This is an excerpt of On Assignment, education writer Theresa Harrington's blog on Contra Costa County schools. Read more and post comments at IBABuzz.com/onassignment. Follow her at Twitter.com/tunedtotheresa or Facebook.com/TheresaHarringtonBANG.
A proposal to create a sustainable farm on Central Contra Costa Sanitary District property appears to be fraught with political wrangling.
Although it is one step closer to coming to fruition after trustees voted Thursday to allow staff to enter into negotiations with the project's organizers, the deal is far from done.
Project creator Carolyn Phinney and farm manager Bethallyn Black dreamed up the idea of the "CoCo San Sustainable Farm" with the goal of growing organic produce using recycled water to provide salads for schools and fresh vegetables to the local food bank.
But politics overshadowing the deal bubbled to the surface during the meeting, when Board President James Nejedly accused Phinney -- who was not present -- of posting false accusations about him on Facebook. Nejedly also noted that the media (me) was videotaping the proceedings.
I videotaped part of the debate to provide a record for the public, since the district doesn't videotape its own meetings. For links to video clips of the meeting, visit the OnAssignment blog.
Nejedly and some of the other trustees said details of the plan were vague and confusing, including basic information such as how much property is needed for the project to be successful. Although it was originally conceived to encompass 33 acres of land next to the district's Martinez treatment plant, it was later scaled down.
The district wants to consider leasing some property for other potentially more lucrative uses, like allowing agencies such as Caltrans to dump dirt on it.
The farm proposal was embraced by trustee Mike McGill, who served on the Enterprise Committee that reviewed the proposal, along with Nejedly. But Nejedly said the Facebook posts accused him of being a "sour grape" who wanted to "gut" the project.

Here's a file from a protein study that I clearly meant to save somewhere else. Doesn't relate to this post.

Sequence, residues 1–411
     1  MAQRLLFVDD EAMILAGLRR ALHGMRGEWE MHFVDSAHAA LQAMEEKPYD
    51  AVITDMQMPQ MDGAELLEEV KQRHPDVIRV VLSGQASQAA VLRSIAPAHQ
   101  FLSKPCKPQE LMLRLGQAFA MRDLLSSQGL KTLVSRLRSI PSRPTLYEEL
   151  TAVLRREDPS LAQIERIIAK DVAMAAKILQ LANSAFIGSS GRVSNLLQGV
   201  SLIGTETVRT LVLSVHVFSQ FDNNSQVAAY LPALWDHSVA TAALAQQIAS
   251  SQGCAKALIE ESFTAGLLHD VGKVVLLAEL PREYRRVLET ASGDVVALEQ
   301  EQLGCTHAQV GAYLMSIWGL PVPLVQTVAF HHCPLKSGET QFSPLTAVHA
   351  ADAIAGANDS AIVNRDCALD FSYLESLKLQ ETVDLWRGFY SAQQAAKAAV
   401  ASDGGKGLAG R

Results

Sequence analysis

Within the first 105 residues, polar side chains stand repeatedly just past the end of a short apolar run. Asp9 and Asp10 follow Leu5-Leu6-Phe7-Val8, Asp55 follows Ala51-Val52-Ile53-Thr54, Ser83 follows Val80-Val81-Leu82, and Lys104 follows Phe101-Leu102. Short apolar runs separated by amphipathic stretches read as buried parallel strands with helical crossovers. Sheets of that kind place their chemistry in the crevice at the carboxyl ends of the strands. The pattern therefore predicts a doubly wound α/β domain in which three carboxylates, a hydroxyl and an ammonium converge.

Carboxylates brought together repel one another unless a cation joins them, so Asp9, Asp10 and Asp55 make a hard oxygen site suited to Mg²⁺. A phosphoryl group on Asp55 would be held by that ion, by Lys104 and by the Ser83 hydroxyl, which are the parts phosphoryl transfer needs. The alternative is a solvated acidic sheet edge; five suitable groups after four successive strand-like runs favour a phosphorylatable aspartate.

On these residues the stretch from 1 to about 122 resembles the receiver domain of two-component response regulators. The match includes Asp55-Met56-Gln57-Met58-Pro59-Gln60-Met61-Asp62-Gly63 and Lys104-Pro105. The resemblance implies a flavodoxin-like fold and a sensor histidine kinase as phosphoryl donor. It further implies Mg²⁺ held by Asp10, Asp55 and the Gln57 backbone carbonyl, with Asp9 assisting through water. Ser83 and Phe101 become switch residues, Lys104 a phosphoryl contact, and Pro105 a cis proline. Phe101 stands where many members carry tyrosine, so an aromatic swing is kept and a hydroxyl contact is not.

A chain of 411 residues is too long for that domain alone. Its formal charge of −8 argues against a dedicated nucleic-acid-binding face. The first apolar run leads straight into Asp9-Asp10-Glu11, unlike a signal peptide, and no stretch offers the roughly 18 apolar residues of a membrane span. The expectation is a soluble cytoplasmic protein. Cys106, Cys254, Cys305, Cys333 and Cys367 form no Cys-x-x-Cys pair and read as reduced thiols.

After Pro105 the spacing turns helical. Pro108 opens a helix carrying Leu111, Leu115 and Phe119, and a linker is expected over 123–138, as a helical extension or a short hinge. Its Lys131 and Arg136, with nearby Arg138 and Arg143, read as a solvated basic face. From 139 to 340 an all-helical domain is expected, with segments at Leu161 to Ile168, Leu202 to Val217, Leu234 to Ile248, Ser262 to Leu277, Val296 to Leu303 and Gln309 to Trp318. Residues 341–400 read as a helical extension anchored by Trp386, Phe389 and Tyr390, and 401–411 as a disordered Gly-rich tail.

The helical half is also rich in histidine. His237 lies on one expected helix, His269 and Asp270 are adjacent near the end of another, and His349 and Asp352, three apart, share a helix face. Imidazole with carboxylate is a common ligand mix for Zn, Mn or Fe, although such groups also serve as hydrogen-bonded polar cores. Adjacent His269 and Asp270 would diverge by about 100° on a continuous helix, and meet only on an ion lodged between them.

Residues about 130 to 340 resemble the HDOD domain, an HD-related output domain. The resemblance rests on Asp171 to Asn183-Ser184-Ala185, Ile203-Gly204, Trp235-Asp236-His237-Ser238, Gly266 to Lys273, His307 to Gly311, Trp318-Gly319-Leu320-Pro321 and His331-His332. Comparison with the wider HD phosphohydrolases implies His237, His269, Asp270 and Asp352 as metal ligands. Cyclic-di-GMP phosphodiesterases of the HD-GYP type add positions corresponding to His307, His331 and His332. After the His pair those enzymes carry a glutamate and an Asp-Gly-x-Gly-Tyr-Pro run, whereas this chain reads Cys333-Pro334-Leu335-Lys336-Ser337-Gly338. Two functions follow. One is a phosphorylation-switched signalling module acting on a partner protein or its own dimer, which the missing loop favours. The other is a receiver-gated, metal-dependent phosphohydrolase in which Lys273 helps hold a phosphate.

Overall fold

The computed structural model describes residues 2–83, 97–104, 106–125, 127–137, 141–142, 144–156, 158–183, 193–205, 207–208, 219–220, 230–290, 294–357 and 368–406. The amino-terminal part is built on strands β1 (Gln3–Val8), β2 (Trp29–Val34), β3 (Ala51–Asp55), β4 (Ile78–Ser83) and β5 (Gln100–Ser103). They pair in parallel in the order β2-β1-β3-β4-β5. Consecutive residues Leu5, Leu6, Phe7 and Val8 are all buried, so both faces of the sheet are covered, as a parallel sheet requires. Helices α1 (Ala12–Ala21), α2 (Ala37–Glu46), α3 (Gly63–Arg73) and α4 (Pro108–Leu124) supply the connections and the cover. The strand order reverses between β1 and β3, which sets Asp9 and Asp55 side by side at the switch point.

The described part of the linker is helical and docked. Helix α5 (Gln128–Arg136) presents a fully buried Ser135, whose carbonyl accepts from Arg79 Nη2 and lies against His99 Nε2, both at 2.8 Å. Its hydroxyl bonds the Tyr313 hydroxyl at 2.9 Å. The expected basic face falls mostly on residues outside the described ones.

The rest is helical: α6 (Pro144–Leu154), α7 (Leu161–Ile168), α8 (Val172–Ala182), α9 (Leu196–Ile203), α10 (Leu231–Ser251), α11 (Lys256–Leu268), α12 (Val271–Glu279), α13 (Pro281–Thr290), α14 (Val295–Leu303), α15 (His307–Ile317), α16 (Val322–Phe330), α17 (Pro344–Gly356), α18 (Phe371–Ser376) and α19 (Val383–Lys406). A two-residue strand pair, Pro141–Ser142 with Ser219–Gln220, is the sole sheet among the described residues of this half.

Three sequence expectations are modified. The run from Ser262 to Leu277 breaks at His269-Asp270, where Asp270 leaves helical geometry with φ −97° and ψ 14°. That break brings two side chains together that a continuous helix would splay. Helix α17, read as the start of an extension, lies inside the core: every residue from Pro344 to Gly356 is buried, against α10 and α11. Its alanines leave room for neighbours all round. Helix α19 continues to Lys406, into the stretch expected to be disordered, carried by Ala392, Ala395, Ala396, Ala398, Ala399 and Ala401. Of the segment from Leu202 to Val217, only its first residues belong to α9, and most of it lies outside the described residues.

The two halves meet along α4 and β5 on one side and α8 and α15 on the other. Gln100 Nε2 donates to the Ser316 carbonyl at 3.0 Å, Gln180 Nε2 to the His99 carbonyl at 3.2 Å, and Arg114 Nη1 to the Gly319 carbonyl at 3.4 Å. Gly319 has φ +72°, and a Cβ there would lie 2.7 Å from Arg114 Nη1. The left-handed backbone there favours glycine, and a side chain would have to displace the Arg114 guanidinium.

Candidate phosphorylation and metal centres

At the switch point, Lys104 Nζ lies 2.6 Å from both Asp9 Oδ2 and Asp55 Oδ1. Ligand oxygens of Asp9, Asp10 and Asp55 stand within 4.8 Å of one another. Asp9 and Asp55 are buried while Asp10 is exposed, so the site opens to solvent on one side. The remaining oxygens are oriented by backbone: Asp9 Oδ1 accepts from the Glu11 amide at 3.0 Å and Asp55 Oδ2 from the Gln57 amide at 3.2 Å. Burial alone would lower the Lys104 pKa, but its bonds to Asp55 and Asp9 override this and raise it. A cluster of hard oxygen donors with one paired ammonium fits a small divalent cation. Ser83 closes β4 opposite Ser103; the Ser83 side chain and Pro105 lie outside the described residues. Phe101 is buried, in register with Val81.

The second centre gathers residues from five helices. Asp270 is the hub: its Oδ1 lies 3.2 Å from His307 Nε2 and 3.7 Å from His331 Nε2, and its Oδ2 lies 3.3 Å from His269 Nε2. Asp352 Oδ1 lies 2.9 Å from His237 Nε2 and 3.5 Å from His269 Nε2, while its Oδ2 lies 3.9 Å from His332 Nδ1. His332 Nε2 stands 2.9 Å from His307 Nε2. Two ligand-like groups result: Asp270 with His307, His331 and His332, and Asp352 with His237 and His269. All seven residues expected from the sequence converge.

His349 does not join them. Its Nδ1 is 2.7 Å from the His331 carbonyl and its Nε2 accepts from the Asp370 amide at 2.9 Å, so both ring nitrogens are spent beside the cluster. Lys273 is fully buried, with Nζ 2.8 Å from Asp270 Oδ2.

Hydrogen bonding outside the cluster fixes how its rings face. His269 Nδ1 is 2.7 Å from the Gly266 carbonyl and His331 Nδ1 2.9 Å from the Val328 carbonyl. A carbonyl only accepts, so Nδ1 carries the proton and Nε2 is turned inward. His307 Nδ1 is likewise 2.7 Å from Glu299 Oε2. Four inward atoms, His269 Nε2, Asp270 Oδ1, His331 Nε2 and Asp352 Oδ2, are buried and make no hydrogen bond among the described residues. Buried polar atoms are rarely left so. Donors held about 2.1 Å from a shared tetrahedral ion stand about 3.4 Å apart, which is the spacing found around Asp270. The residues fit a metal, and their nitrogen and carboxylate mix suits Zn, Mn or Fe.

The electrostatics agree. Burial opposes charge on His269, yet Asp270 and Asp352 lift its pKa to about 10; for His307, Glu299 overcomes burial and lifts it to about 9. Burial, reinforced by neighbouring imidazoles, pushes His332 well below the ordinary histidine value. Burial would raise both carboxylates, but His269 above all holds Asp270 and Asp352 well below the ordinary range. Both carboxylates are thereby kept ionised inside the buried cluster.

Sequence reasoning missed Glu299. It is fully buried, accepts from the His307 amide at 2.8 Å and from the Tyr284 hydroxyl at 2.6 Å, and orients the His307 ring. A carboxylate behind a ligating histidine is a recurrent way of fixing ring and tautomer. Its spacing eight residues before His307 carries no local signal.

The committee recommended pursuing an agreement for 10 plantable acres, with the condition that five acres could be vacated if necessary with 60 days' notice. The committee also recommended pursuing a Request for Proposal for the remaining acreage, and a land use permit for the entire property. Staff recommended that the board create an ad hoc committee to negotiate the lease terms.
After back-and-forth discussion between Black and trustees, some questions remained. Based on the Facebook posts, Nejedly said Black was being given inaccurate information by Phinney. Black said she hadn't spoken to Phinney in about a week and hadn't seen the posts.
Still, Nejedly was determined to clear his name. He read several of the Facebook accusations aloud, then refuted them, saying he has always supported the project and that he was the one who suggested the district should provide the land for free.
He reminisced about his childhood growing up with wildlife and said he is so committed to advocating for recycled water that he once drank some to show John Coleman, an East Bay Municipal Utility District director, that it's not so bad.
By the end of the discussion, trustees agreed to McGill's motion to pursue an agreement for 15 acres, which would allow 10 acres to be planted and five to be used for educational purposes. Trustees also agreed to protect two of those acres from a requirement to vacate in a short amount of time, which could allow structures to be built.
In addition, trustees agreed to pursue a Request for Proposals on the remaining property, in case someone might want to pay to dump dirt on it or propose other ideas that could generate money for the district. Trustees also agreed to pursue a land-use permit for the new uses.
But they balked at McGill's suggestion that the proposal should come back to the full board without first returning to the Enterprise Committee. Other trustees said they wanted the committee to review it and make a recommendation. Nejedly abstained.
Phinney said afterward that she stood by her Facebook posts and she didn't go to the meeting because she didn't want feeding thousands of children to be about "personality or politics."
It may be too late for that.
However, she's looking at the bright side.
"I'm trying to be optimistic," she said, "now that the farm can move forward and bring great benefit to the community."